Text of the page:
Oh, the Places You'll Go Lesson Plan

Instructor: Dana Dance-Schissel

Dana teaches social sciences at the college level and English and psychology at the high school level. She has master's degrees in applied, clinical and community psychology.

Can your students pinpoint the techniques used by Dr. Seuss in his book, 'Oh, the Places You'll Go?' A text lesson introduces and exemplifies these, an analysis of the book gives students a chance to show what they know, and a quiz reinforces learning. Related lessons and extensions help to take instruction further.

Learning Objectives

Upon completion of this lesson, students will be able to:

  • explain who Dr. Seuss was
  • identify themes and methods used by Dr. Seuss in his writing
  • identify examples of rhyme, repetition, and morals in Dr. Seuss's writing
  • analyze the use of rhyme, repetition, and morals in Oh, the Places You'll Go


1 to 1.5 hours

Curriculum Standards


Recount stories, including fables and folktales from diverse cultures, and determine their central message, lesson, or moral.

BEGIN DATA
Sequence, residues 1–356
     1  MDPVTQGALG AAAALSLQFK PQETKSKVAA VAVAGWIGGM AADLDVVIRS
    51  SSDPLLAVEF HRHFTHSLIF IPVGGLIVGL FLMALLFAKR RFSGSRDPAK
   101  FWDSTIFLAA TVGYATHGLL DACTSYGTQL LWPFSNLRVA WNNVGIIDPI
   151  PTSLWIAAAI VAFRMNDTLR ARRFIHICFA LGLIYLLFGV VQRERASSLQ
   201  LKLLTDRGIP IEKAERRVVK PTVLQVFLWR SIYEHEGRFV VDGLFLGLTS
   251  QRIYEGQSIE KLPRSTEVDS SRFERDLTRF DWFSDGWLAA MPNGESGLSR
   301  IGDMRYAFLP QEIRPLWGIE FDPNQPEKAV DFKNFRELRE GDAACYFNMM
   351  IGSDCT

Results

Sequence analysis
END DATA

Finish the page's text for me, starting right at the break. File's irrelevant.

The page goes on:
Describe how words and phrases (e.g., regular beats, alliteration, rhymes, repeated lines) supply rhythm and meaning in a story, poem, or song.

Key Vocabulary

  • Rhyme scheme
  • Repetition
  • Morals


  • A copy of Dr. Seuss's Oh, the Places You'll Go


  • Begin by asking the class if they have heard of Dr. Seuss, allowing them to share their thoughts with the class.
  • Have students take turns reading a few sentences each from the introduction, 'Dr. Seuss's Poems,' and 'Rhyme' sections of the text lesson Dr. Seuss's Poems: Lesson for Kids, pausing to write the definition for rhyme and the examples of rhyme presented in the lesson on the board for the class.
  • Review the definition of rhyme and each example before moving on.
  • Again, have students take turns reading the 'Repetition' section of the text lesson.
  • Write the definition of repetition on the board along with the example provided in the text lesson.
  • Review the definition of repetition and the example with the class before moving on.
  • Ask the students to take turns reading the 'Morals' section of the text lesson now.
  • Write the definition for morals and the example provided in the text lesson on the board now and review these with the class.
  • Read the 'Lesson Summary' to the class now.

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